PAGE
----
The general rule that courts of one State can not assert jurisdiction over a foreign administrator or executor has been long recognized in this country. (Restatement, Conflict of Laws, par. 512 (1934)). The origin and basis of the rule is not entirely clear. One writer has suggested that it arose from a misconstruction of the United States Supreme Court decision in Vaughan v. Northrup, 15 Pet. 1, 10 L.ed. 639. (Holt, Extension of Non-Resident Motorist Statutes to Non-Resident Personal Representatives, 101 U. Pa. L. Rev. 223 (1952)). It has also been suggested that the rule arose as a corollary to the rule that a foreign administrator can not bring suit in a State other than that of his appointment. (Recent Decisions, 1955 U. Ill. L. Forum 764.) The rule has also been said to embody constitutional principles. (Cf. Leighton v. Roper, 300 N.Y. 434, 91 N.E.2d 876; 18 A.L.R.2d 537; State ex rel. Sullivan v. Cross, (Mo.) 314 S.W.2d 889.) It is most generally stated, however, that the rule has its roots in a conflict-of-laws principle that the courts of one State should not interfere with the administration of a decedent's estate which is subject to the control of the courts of another jurisdiction. Restatement, Conflict of Laws, par. 512, comment a (1934); Comment, 57 Yale L.J. 647; Comment, 33 Cornell L.Q. 276.
Whatever be the basis of the general rule, however, courts have almost unanimously held that the rule must give way to legislative enactments which extend judicial jurisdiction over foreign administrators in appropriate instances, such as when the administrator's decedent has committed a tortious act in the forum State. (Parrott v. Whisler, (6th cir.) 313 F.2d 245; Hasse v. American Photograph Corp., (10th cir.) 279 F.2d 666; Brooks v. National Bank of Topeka, (8th cir.) 251 F.2d 37; Feinsinger v. Bard, (7th cir.) 195 F.2d 45; Milam v. Sol Neuman Co. (N.D. Ala.), 205 F. Supp.); Guerra de Chapa v. Allen, (S.D. Tex.), 119 F. Supp. 129; Oviatt v. Garretson, 205 Ark. 792, 171 S.W.2d 287; Toczko v. Armentano, 341 Mass. 474, 170 N.E.2d 703; Plopa v. DuPre, 327 Mich. 660, 42 N.E.2d 777; State ex rel. Sullivan v. Cross, (Mo.), 314 S.W.2d 889; Leighton v. Roper, 300 N.Y. 434, 91 N.E.2d 876; contra, Knoop v. Anderson (D.C. Iowa), 71 F. Supp. 832.
An examination of the cases on which the appellate court relies in this case reveals that none of those cases involved the construction of a statute which purported to extend jurisdiction of the courts of one State over a foreign executor or administrator. Nor do these decisions, or any other decisions in this State of which we are aware, suggest that such jurisdiction could not be conferred by statute. We think, therefore, that the intent of the legislature in using the term "personal representative" cannot be ascertained by reference to those cases.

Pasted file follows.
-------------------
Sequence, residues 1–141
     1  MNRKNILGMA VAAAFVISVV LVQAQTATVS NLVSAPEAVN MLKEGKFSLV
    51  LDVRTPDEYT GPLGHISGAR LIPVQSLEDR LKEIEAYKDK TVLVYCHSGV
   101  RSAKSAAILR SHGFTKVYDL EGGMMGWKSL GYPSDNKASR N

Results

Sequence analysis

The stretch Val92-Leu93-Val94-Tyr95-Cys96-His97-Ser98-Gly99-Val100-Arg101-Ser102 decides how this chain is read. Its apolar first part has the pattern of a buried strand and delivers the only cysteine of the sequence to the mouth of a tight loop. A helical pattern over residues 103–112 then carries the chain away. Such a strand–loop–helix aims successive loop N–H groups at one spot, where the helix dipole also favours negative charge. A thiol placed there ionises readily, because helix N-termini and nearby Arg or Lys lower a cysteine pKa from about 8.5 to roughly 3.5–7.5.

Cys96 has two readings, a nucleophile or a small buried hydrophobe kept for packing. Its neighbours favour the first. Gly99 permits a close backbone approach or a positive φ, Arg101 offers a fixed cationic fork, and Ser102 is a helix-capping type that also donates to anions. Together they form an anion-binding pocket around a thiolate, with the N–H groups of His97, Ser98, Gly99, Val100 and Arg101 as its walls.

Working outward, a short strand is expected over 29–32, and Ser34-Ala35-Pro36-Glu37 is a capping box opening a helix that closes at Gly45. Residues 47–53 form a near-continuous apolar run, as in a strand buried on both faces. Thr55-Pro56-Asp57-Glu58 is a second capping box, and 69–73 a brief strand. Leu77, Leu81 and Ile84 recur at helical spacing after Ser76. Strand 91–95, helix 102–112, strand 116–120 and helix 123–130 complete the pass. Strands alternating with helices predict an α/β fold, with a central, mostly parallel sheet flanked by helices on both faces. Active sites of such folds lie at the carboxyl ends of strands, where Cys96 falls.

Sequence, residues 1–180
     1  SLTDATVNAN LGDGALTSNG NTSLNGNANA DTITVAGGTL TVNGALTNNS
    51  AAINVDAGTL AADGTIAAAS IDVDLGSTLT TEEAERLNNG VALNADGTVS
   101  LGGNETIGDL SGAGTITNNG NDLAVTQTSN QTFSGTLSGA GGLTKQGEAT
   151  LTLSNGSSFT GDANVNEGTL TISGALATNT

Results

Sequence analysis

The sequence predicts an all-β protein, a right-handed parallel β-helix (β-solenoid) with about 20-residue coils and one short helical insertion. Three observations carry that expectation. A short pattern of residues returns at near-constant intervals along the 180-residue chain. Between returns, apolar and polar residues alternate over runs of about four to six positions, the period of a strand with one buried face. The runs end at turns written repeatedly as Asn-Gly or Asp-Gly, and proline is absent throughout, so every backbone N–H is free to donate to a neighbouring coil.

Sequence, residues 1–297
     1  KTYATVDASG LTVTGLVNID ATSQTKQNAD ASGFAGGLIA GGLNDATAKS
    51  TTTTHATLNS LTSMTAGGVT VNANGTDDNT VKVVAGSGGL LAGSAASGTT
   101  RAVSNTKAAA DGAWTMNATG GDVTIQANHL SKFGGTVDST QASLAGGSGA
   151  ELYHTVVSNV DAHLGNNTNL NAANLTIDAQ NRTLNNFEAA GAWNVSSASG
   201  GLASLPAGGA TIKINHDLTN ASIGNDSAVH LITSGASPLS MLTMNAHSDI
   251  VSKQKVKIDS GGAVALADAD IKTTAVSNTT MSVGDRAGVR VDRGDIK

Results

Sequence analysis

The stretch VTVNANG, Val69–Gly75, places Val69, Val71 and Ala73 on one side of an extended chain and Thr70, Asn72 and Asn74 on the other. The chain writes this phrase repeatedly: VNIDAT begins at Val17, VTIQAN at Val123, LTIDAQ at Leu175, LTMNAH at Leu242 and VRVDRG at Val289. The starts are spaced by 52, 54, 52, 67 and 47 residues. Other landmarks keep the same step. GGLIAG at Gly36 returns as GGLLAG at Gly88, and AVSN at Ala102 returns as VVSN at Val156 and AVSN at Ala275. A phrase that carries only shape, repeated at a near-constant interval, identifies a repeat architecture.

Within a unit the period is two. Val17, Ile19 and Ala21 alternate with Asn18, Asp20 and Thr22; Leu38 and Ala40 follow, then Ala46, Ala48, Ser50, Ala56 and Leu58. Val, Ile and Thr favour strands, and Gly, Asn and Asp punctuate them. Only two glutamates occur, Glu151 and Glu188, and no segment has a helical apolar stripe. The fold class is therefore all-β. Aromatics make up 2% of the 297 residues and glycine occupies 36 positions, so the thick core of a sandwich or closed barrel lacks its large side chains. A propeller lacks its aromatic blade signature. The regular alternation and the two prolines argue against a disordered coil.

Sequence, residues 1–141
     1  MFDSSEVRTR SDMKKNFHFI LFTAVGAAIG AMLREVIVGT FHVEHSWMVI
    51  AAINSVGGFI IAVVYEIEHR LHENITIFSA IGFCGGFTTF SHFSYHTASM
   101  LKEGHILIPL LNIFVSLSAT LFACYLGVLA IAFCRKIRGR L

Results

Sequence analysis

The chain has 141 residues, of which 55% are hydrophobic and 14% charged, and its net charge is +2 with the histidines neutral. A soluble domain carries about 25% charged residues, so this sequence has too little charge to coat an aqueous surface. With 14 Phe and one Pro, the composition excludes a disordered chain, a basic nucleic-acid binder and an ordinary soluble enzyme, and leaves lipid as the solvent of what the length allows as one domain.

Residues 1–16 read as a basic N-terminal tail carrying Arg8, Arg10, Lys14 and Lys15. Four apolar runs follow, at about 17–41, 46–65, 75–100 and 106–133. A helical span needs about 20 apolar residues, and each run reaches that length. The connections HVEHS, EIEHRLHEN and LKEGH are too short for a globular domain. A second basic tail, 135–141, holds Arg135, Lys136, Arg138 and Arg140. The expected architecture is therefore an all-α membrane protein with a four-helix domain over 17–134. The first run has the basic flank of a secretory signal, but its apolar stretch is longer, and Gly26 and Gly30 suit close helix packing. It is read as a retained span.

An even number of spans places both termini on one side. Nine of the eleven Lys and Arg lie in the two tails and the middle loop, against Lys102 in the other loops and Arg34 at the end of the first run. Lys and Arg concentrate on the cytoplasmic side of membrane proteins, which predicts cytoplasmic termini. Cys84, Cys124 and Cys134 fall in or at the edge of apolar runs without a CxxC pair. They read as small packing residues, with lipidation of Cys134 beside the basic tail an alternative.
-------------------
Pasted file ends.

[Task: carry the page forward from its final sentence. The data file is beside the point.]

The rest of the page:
Turning to an analysis of section 17 itself, we perceive no reason to attribute to the term "personal representative" any meaning other than its well-recognized and generally accepted meaning. We think that if the legislature had intended to limit the jurisdiction of our courts to living persons and their representatives, it would have so indicated instead of using, without qualification, the generic term "personal representative."
Furthermore, the construction of section 17 argued for by defendant and approved by the appellate court would mean that persons injured in this State have redress in our courts while a nonresident tortfeasor is living but no such remedy in the event the tortious act is serious enough to cause the tortfeasor's death. We can think of no reason why the legislature would have intended such a result which would not be consistent with the general purpose of section 17 "to enable the plaintiff to obtain a trial of the issues of liability and of damages in this State, when the circumstances make it the appropriate and convenient forum for that purpose." Nelson v. Miller, 11 Ill.2d 378, 393.
The judgment of the appellate court is reversed and the cause remanded to the circuit court with instructions to vacate the order dismissing the cause.
Reversed and remanded, with directions.